Ebed-melech, a disinherited eunuch could have been killed or thrown in the pit to starve alongside Jeremiah. Undaunted, this Ethiopian decided to not remain silent. Ebed-melech is later rewarded by Yahweh for his boldness and faith (Jeremiah 39:15-18). Ebed-melech’s obedience to God over the king and his advisors was a radical act of civil disobedience that not only rescued Jeremiah, but allowed Ebed-melech to witness the overthrow of his oppressors (Jer. 16-17). Ebed-melech was a subversive grass roots activist for justice and human rights!

  • Modern Parallels

Think of the impact Ebed-melech, a man who was sitting in the backdrop of his society had on other “invisible” members of society like women, children, and the poor. Think of the way his actions gave voice to those who had no power or control over their bodies. Ebed-melech was a eunuch, a role that could require mutilation and physical and sexual oppression. He must have related also to the plight of women who were often powerless over their own bodies in a patriarchal society. Make an argument for how Ebed-melech shared womanist views and how his commitment to human rights pleased God (Isaiah 56:1-8).

Ebed-melech’s alliance with the prophet Jeremiah should not be underestimated. Ebed-melech was referenced six times in the text (38:7, 8, 10-12; 39:16), underscoring the vital role of this Ethiopian eunuch who is likened to a slave.15 If the Psalmist’s prose influenced nationalist movements, such as the Rastafarianism and Ethiopianism movements, then who knows what Ebed-melech, the Ethiopian eunuch, inspired because of his socio-political and theologically based stance. Here are four perspectives to keep in mind to envision the social relevance of a modern-day “Ebed-melech:”

  1. Ebed-melech was Ethiopian—a foreigner or immigrant.
  2. Ebed-melech was considered differently-able (a eunuch).
  3. Ebed-melech was considered lower class and expendable. He had no rights.
  4. Ebed-melech feared God more than the governing ruler.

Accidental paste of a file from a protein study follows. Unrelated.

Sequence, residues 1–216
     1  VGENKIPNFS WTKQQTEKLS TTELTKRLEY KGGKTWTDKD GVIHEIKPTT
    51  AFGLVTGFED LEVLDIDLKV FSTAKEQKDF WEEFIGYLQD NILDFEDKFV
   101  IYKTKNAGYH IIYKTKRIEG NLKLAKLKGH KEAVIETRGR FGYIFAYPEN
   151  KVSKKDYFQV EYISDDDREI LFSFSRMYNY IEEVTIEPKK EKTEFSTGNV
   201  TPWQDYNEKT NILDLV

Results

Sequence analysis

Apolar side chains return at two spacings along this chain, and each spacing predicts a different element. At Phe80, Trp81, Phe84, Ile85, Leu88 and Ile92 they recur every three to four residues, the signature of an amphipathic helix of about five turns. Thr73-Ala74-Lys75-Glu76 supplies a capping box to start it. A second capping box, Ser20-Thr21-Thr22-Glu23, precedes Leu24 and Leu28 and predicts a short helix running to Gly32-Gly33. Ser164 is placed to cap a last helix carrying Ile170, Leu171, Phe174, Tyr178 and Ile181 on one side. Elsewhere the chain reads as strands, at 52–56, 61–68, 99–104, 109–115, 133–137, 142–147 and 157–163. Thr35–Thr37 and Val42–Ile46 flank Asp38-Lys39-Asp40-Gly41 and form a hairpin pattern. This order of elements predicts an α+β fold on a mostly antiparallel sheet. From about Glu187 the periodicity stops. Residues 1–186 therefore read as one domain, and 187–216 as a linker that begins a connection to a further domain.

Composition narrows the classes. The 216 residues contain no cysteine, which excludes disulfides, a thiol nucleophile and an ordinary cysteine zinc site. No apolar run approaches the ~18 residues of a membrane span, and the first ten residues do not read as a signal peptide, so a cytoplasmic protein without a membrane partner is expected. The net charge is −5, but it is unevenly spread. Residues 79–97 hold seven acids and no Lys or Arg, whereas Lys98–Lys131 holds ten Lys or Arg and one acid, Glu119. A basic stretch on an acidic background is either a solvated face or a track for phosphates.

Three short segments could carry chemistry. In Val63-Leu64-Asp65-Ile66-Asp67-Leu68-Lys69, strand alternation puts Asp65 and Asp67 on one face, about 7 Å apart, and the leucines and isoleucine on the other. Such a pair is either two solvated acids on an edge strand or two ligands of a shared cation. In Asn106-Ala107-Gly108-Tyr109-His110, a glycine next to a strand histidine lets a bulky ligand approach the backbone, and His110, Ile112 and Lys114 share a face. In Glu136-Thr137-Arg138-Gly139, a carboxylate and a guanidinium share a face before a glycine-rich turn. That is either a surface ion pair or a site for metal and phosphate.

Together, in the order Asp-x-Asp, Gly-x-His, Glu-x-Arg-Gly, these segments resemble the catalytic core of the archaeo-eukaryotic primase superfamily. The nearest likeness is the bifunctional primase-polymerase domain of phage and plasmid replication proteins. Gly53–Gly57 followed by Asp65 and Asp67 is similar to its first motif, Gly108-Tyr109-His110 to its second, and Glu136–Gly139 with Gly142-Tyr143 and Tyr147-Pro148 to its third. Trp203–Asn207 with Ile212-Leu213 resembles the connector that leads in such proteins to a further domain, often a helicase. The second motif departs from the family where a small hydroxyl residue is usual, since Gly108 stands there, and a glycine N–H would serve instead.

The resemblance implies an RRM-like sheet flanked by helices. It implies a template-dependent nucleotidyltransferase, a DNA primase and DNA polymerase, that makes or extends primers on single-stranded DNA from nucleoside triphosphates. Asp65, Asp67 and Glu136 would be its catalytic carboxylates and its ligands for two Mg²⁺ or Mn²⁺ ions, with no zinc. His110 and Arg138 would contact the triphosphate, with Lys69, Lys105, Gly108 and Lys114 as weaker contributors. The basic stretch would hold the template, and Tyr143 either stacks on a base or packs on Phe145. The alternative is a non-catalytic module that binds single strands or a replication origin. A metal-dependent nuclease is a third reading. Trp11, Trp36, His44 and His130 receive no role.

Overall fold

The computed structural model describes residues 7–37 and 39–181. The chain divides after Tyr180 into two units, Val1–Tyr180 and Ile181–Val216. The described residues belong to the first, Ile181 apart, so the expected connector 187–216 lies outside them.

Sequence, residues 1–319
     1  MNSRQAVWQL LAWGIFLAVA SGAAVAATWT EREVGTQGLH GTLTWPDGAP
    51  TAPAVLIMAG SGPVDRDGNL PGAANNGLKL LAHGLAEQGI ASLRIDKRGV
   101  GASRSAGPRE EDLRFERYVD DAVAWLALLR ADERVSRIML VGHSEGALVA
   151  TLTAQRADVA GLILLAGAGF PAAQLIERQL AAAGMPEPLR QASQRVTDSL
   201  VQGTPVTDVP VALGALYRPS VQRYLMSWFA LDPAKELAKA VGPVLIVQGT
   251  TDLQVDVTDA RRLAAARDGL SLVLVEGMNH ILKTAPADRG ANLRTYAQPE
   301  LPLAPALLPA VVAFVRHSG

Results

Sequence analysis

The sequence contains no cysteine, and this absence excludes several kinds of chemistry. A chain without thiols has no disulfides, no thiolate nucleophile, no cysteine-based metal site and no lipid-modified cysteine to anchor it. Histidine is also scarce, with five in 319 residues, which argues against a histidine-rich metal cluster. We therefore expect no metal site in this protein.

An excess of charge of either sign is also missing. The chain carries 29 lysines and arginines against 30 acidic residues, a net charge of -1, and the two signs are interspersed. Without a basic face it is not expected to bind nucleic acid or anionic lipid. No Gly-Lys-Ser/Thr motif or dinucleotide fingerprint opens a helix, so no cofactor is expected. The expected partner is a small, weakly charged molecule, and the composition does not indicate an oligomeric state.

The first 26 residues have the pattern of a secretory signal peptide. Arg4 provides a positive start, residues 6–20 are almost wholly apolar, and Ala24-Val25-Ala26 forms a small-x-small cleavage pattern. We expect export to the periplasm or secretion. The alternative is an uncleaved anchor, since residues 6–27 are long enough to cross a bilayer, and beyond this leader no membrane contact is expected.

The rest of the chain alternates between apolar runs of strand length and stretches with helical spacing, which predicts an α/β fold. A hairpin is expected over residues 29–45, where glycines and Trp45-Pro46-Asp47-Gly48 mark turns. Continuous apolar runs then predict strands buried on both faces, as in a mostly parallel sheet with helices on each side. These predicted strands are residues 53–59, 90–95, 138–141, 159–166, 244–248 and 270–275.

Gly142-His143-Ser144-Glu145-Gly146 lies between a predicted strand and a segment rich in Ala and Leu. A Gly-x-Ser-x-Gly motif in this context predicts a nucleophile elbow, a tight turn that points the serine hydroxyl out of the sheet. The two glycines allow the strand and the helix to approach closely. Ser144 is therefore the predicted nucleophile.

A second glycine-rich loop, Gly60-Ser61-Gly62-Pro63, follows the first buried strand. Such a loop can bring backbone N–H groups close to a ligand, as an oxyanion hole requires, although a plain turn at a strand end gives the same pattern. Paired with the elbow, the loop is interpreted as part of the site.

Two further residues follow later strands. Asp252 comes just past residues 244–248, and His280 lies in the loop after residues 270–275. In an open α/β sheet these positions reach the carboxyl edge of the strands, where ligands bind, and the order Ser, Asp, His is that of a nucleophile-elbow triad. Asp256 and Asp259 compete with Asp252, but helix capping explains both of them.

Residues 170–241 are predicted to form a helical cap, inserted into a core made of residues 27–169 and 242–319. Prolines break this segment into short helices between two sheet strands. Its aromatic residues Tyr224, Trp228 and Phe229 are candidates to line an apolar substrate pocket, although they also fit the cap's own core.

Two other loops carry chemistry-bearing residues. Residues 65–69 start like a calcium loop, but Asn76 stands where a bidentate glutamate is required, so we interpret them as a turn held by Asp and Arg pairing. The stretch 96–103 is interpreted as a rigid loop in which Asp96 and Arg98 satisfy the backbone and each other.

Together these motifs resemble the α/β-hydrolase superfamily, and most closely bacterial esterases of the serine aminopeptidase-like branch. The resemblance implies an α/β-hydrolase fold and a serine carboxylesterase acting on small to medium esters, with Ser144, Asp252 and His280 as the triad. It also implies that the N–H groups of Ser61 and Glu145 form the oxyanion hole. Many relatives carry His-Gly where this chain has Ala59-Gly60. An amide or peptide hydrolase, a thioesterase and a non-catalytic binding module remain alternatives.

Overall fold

B. Images of Revolts

Ebed-melech’s actions could have caused a revolt or a class action law suit by those who were also marginalized because of status, class, orientation, location and the like throughout the African Diaspora. Consider the global impact of the La Amistad revolt of 1839 when captured Africans gained control of the ship of their capturers, killing members of the crew. The enslaved Africans earned an appearance before the United States Supreme Court where their lawyers petitioned for their freedom and won their right to return to their native Africa. Moreover, consider other revolts that created waves in the Diaspora when the oppressed faced their oppressors demanding justice like those who participated in Nat Turner’s rebellion in 1831, the Creole revolt of 1841, the Dred Scott decision of 1857 or the Haitian Slave Revolt lead by Toussaint L’Ouverture which sparked a host of other revolts.16

Share with students images of Amistad survivors, Africans who stood up for justice just as Abedmelech did. This can be done through artwork and or a video clip from the documentary The Armistad Revolt: All We Want Is Make Us Free. 17 The video can be purchased from:

The Amistad Committee, Inc.
P.O. Box 2936
Westville Station
New Haven, CT 06515
Phone: 203-387-0370

C. Modern Issues of Oppression

Ebed-melech saw oppression and spoke out against it. In 2010, President Barack Hussein Obama signed legislation that would overturn the military policy of “Don’t Ask, Don’t Tell” which discharged women and men from the armed services if their homosexual orientation was revealed. The policy was considered oppressive and unjust and the Lesbian and Gay community spoke out, rallied and placed great pressure on the White House and congressional representatives. Many believe the reversal of this discriminatory legislation will open the door for more civil rights and open and affirming policies to honor the human rights of same-gender-loving persons.